1/2 pint of heavy cream (there’s a big one, a small one, and one in the middle…you want the middle-sized one)

A bag of microwaveable peas [They don’t have to be microwaveable, but it’s easier. Look for flash-frozen organic peas. – Hannah]

2 bags of cheese tortellini

Cook the chicken first in a large pan. Start by cutting up the chicken into bite sized pieces. Place the chicken into a large tupperware container with a lid (don’t put the lid on yet). Add 1 cup of flour, pepper, and salt to taste, and garlic powder to taste (more is usually better!) Put the lid on the tupperware and shake it like a Polaroid picture. You may have to remove the cover and mix the chicken and the flour by hand until all the chicken is coated in the mix.

Next, and this will take a long time, separate all the cloves of garlic from the bulb, strip them, and mince them. Yes, all of them. [It won’t take so very long if you use this. I swear by it. – Hannah]

Over medium heat, heat the pan and then add the olive oil. Once or twice around the pan is usually good. Add the garlic first, careful not to burn it. After about a minute or two, add the chicken. Cook the chicken until it is lightly golden on all sides and is cooked all the way through. Remove from heat and set aside. Maybe cover with a lid or tin foil so it stays hot, and remember, meat keeps cooking even after you remove it from heat.

Next, boil a large pot of water. Since the pasta takes about 5 minutes, you can wait to do this and the peas at the last minute.

While the water is boiling take another large pot…I mean, big…the bigger the surface area the better. Heat up the pot and add the heavy cream. With a whisk, stir the cream. You want to keep it from bubbling up too much. After a long long time of stirring the cream will start to appear translucent in places — you’ll see little holes, almost.  Remove from heat.

If you haven’t already, microwave your peas and add your pasta. In the interim, add the cup of cheese to the cream slowly and whisk in. Add more pepper and garlic powder to taste.

When the pasta is done, strain it, open the bag of peas and mix everything together.

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Phoebe’s Favorite (Phavorite?): Asparagus Medley with Cashews

Over the summer when I was staying with my family in Connecticut, my sister and I would always get hungry at the same time every afternoon. The women in my family share uncanny similarities in cravings and body type: for example, each one from my grandmother to my sister (myself included) craves ice-cold water first thing in the morning. Strange how certain things can be passed down.

Anyway, I’d been interested in cooking with asparagus, and decided to try it one July afternoon. Because it wasn’t asparagus season anymore, we added red peppers to counteract the bitterness of the asparagus. The best asparagus is harvested around April. It’s a good idea to stock up on locally grown, pesticide-free asparagus in April and freeze it right away. It will keep, and if you use frozen asparagus, you can snap the spears into pieces and throw them right into the pan; you don’t have to worry about letting them thaw!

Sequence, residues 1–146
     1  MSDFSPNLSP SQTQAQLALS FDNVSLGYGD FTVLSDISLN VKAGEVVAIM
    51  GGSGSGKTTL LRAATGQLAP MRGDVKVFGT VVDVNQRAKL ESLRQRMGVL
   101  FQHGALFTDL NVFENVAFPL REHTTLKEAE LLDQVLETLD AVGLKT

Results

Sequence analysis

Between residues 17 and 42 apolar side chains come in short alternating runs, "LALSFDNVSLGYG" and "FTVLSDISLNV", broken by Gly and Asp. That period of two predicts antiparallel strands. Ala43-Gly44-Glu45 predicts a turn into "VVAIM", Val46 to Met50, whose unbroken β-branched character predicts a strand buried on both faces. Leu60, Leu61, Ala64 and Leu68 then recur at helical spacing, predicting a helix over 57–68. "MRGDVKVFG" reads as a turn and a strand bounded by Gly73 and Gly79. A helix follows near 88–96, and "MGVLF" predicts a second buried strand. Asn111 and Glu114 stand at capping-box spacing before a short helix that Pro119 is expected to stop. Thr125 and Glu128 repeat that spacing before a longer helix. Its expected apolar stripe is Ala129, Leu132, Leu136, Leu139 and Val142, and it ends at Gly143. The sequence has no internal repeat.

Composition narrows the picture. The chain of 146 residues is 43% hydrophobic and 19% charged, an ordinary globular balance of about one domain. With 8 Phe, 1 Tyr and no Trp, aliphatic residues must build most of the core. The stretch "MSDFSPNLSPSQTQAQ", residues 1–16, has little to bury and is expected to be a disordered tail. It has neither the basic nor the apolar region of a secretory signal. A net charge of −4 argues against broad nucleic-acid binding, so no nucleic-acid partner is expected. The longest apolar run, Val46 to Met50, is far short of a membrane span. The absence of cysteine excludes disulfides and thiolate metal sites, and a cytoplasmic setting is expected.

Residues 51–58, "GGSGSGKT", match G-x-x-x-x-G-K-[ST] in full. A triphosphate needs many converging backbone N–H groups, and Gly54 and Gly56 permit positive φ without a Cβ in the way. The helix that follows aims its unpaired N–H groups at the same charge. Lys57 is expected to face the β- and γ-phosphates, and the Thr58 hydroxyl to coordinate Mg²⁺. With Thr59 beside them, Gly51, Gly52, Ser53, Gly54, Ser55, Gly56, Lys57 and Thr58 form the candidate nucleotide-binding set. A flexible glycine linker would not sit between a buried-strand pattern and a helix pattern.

May is a great time of year for this dish because it welcomes summer in a great way as a before-dinner snack or a meal’s side dish (try pairing it with chicken or another light meat, and remember, meat should be treated as a side dish rather than the main course.) Of course, during this time of year, there’s no better way to greet an Indian summer!

Recipe after the jump…

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Reconciliation Chocolate Cake

This is the chocolate cake that will fix/solidify/start your relationship (if chocolate has any sway whatsoever over you or your ladyfriend, which is more often than not the case with people who possess a palate and taste buds.) In my experience, the magnitude of the taste and the presumed investment of time in the preparation are enough to bring together two women in love, even if they’ve parted before. When combined with the careful application of tealight candles and the Amelie soundtrack, this is just the right recipe to wow your ex all the way back into your bed.

And (trust me) make-up sex after chocolate this divine is…great.

The school of thought regarding Molten Chocolate Cakes is contentious, at best. A New York City chef claimed to have invented the recipe by accident in 1987 when he removed a chocolate cake from the oven before it had cooked completely and decided to serve it anyway, having found that the center was moist and gooey. A group of French chefs quickly contested, claiming that their country’s culinary elite had invented the recipe years before. Regardless, it’s delicious. And surprisingly easy!

This particular recipe is adapted from one I found on Food & Wine’s website (one of my favorites.)

Also, I recommend using Corningware’s ramekins, which come with an attachable lid. You can bake, store, and reheat while only dirtying one dish! I found mine at a local hardware store, believe it or not.

Buy these:

– 1 stick of unsalted butter (plus a little extra for the ramekins)

– 1/2 tablespoon cake or pastry flour

– 1/4 pound bittersweet chocolate chips (I have to recommend Ghiradelli here–it’s worth the extra pennies!)

– 1/4 cup vegan cane sugar (regular sugar will work as well)